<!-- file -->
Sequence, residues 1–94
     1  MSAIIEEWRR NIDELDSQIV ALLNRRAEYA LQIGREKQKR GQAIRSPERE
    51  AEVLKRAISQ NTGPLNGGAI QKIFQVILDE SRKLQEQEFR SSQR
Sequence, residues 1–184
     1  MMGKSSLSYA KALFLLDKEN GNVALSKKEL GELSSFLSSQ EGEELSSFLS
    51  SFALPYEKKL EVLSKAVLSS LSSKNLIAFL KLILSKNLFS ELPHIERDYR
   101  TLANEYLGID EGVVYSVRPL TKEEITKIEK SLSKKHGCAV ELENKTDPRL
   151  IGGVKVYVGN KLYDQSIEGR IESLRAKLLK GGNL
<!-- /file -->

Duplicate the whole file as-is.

Sequence, residues 1–94
     1  MSAIIEEWRR NIDELDSQIV ALLNRRAEYA LQIGREKQKR GQAIRSPERE
    51  AEVLKRAISQ NTGPLNGGAI QKIFQVILDE SRKLQEQEFR SSQR
Sequence, residues 1–184
     1  MMGKSSLSYA KALFLLDKEN GNVALSKKEL GELSSFLSSQ EGEELSSFLS
    51  SFALPYEKKL EVLSKAVLSS LSSKNLIAFL KLILSKNLFS ELPHIERDYR
   101  TLANEYLGID EGVVYSVRPL TKEEITKIEK SLSKKHGCAV ELENKTDPRL
   151  IGGVKVYVGN KLYDQSIEGR IESLRAKLLK GGNL